One pickup guitar is said to have an advantage due to its distinctive sound, although that sound could be a deal breaker for other players. You may be aiming to imitate your favorite guitarist’s style. There is certainly nothing improper about that. On the other hand, perhaps you’re a session musician whose work frequently calls for “standard” tones that can only be fully attained using more conventional instruments.
  • Options
    One pickup instead of two might significantly lower the price of an instrument. But unfortunately, most manufacturers treat these instruments as aftermarket additions rather than merely variants of their primary lines. As a result, high-end guitar models rarely include a single pickup.

Source: WikiCommons

Why Do Single-Pickup Guitars Sound Different?

Many disagree on whether a guitar with one pickup produces a noticeably different sound. When attempting to understand these tonal variations, you must consider several aspects.

That they are substantial is beyond dispute. It’s not easy to pin down how many variables affect the sound or how the overall experience differs from that of a two-pickup guitar. Multiple studies are needed to investigate this, with care taken to maintain a scientific approach while accounting for confounding factors.

  • More Wood
    The guitar used by Eddie Van Halen, in which some cavities are absent, is an obvious exception to this rule. However, this illustration may lead us to believe that this detail is not crucial to the tone of this pickup setup. Those who think different woods produce distinctive tones would expect the proportion of wood used in an instrument’s body to have some bearing on the sound produced.
  • Less Magnetic Pull
    Not to dwell on the obvious, but again, pickups are magnets. Magnets have a powerful attraction that draws in guitar strings and other metal things. Because of this, it is entirely illogical to think that removing two or three sets of magnets and keeping one would lessen the string tension. This is likely not the case, as the strength of the contact between the magnets and the strings is at issue.
    You can alter the tone of a guitar by removing the neck pickup and leaving the hole unfilled, as demonstrated in experiments in which the guitar’s body wood mass was held constant. One intriguing possibility is that the magnetic attraction between the two pickups, which has already been examined, adds overtones that wouldn’t otherwise be there.
  • Electronics
    It’s common knowledge that guitar signals suffer from degradation the longer their path. To counteract this, buffers are often placed in the middle of the pedal chain. Simply said, the internal connections’ length and the electronics’ complexity are reduced in a guitar with one pickup. In addition, since there are fewer potential entry points for interference, there is less risk of something going wrong.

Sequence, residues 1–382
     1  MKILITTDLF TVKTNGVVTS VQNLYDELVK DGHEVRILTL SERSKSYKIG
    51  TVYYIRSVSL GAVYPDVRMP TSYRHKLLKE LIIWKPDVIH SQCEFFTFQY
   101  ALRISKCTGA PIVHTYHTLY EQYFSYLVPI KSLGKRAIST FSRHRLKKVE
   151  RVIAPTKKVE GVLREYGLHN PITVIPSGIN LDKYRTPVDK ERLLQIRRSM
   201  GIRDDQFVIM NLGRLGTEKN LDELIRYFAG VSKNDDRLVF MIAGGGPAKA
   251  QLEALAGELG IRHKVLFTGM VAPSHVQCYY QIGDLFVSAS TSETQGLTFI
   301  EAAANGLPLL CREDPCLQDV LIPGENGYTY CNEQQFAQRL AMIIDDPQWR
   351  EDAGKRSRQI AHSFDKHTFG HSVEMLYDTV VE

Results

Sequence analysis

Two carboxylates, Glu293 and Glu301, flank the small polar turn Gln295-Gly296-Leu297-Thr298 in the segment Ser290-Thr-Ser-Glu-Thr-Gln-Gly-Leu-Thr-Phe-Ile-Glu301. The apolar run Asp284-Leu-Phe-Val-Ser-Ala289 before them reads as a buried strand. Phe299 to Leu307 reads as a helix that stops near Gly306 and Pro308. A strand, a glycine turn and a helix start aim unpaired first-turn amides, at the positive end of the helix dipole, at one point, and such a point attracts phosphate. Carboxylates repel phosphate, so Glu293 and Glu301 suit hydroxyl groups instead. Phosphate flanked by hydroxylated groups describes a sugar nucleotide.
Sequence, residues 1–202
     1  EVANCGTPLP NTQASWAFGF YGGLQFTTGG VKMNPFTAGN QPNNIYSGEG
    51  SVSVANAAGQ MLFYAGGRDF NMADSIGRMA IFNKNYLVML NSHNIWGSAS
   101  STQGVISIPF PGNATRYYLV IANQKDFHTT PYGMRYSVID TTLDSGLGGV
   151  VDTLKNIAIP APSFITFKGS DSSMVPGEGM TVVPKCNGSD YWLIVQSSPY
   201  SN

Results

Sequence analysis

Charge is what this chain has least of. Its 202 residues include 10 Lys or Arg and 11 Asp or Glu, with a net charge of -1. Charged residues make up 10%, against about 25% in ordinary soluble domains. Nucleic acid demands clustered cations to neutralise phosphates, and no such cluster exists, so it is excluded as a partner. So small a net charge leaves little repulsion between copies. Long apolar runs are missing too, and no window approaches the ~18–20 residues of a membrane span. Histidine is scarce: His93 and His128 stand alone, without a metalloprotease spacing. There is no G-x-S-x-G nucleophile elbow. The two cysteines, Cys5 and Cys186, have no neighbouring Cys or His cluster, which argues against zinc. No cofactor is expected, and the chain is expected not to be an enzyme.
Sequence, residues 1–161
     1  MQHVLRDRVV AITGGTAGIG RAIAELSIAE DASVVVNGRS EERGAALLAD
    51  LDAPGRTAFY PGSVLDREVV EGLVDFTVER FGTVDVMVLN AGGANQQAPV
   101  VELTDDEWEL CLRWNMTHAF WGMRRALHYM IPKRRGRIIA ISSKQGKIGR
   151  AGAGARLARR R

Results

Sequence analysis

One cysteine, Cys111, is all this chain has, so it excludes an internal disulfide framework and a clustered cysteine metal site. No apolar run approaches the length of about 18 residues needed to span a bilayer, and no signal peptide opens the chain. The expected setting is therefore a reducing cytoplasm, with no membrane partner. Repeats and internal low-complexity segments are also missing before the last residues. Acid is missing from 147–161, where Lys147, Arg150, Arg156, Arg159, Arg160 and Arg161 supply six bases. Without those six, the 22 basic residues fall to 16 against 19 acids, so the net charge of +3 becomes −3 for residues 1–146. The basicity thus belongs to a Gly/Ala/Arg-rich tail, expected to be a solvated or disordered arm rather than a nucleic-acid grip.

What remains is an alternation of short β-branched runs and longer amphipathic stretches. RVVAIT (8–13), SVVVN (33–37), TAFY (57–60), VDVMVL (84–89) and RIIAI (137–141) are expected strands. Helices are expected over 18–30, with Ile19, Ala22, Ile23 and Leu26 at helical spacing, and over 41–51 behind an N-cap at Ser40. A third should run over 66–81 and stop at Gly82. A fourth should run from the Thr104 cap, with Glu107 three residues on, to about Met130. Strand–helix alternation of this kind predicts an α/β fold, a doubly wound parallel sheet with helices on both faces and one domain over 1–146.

The nagging question that persists, though, is whether or not this is a sufficiently large distinction to affect the prevailing tone of the discussion. Not likely, although testing that hypothesis is challenging, and even if differences do exist, they are likely to be negligible.
  • Sustain
    It has been said that guitars with a single pickup have better sustain than those with several. This could be because the pickups aren’t there to exert magnetic pressure on the string or because there’s more wood in the instrument’s body. Removing the pickup from your guitar will increase its sustain. No extra pickups mean better possible resonance and string vibration, or so the theory goes.
Do Single Pickup Guitars Sound Better? - A/B Test With Clean & Dirty Amps!

Conclusion

Everyone here agrees that the sexiest-looking guitars are those with a single pickup. In addition, several well-known performers in the past have opted to use pickups they didn’t require (EVH). The benefits of such a guitar, especially for a beginner, are numerous.

First, we’ve established that your fingers are the primary tone source, and this guitar is merely a tool to help you discover it. The needs of an instrumentalist are easily met by connecting the guitar to an amplifier and cranking up the volume. Finally, by eliminating the need to toggle between the volume and tone controls constantly, this guitar saves you time and reduces wear and tear on the electronics.

This article provided some clarity on the topic. If you play metal, you should consider purchasing one of these guitars because they are more affordable, capable, and adaptable than traditional instruments.